In the annual Summer Reads issue, Kirkus’ editors focus their attention on diverting (but not frivolous!) books to while away the hours on the beach or by the pool. These four nonfiction titles offer a range of unique perspectives and intriguing subjects to appeal to an array of reading tastes.

My first two recommendations deal with beauty and body image. In The T-Shirt Swim Club: Stories From Being Fat in a World of Thin People (Harmony, June 11), the brother-and-sister writing team of Ian and Alisa Karmel present “a comic and philosophical exploration suffused with hard-won wisdom and charming wit,” according to our starred review. As he recounts, Ian has struggled with body image issues throughout his life, but his comedic approach is both entertaining and refreshingly candid. While Ian used comedy to work through his issues, Alisa, who has also battled weight problems, earned a doctorate in psychology to help others in similar circumstances. As our reviewer notes, “the book could have easily turned into a clumsy plea for sympathy or a bad-tempered rant, but Ian and Alisa tell their interlocking stories with grace and humor. Ultimately, the book is about resilience and growth; for this reason, it has something to say to everyone.”

As a former senior editor at Allure, Sable Yong is well situated to examine the full spectrum of topics related to beauty and fashion. In a starred review of Die Hot With a Vengeance: Essays on Vanity (Dey Street/HarperCollins, July 9), our critic notes that Yong displays a “clever, self-deprecating sense of humor, and she recounts her career as a procession of stumbles, steps forward and back, and lucky breaks.” While it is certainly serious, the narrative is never heavy-handed or too dark, as Yong laces the text with page-turning anecdotes and laughs. She is a capable, critical guide through the thickets of the fashion industry, resulting in an essay collection that is “revealing, playful, and heartfelt.”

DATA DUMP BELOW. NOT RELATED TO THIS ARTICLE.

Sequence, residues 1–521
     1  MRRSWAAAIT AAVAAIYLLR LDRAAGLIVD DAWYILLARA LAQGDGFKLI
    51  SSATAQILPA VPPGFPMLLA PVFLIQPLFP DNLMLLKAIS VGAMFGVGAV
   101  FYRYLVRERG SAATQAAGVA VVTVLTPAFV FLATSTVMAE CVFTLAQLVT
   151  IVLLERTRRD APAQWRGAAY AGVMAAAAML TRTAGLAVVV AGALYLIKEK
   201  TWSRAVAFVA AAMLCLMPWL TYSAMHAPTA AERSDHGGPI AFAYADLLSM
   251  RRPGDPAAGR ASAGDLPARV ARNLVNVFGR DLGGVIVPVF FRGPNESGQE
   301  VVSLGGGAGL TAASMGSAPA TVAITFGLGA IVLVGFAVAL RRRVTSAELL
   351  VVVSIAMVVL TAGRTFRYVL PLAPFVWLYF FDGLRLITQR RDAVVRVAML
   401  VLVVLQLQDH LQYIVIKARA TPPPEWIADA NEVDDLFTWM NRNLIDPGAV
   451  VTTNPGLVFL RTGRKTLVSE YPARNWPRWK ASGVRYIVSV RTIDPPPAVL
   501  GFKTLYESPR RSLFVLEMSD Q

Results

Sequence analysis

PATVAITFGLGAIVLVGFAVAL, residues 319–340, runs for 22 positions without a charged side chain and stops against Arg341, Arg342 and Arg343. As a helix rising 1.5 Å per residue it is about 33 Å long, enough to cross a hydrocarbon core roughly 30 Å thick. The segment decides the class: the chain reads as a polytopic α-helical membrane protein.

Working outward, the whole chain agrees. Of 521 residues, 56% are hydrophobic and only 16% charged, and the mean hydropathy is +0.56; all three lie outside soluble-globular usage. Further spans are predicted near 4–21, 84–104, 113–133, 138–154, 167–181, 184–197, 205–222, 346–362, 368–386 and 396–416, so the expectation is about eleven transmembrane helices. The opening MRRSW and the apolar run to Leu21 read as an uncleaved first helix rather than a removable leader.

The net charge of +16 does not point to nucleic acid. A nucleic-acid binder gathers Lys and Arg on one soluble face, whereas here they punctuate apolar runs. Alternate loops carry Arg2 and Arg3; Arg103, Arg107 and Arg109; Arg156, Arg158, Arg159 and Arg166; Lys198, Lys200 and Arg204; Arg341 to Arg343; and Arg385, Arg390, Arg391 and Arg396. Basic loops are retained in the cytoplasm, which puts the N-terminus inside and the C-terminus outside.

Next up is the latest book from the consummate multihyphenate, Questlove. Hip-Hop Is History (AUWA/MCD, June 11) is, as our starred review notes, “a memorable, masterful history of the first 50 years of an indelible American art form,” the ideal follow-up to the broader Music Is History. Anyone interested in hip-hop—from any era of its half-century in existence—is going to devour this riveting book, written with Ben Greenman. Also impressive is the author’s ability to create a narrative that will appeal to seasoned veterans and newbies alike. Indeed, “Questlove’s instincts as a superfan and artist take this history beyond the hype to something very special.”

Finally, what is a summer reading list without some nature? Adventures in Volcanoland: What Volcanoes Tell Us About the World and Ourselves (Hanover Square Press, June 18) by Tamsin Mather introduces readers to these fascinating yet poorly understood features of the natural world. The author “first became interested in volcanoes during a childhood encounter with Mount Vesuvius,” notes our reviewer, and she keeps us captivated throughout this exciting armchair journey. “Mather combines a personal story with an era-spanning scope, turning esoteric information into a colorful, engaging account.”

Eric Liebetrau is the nonfiction editor.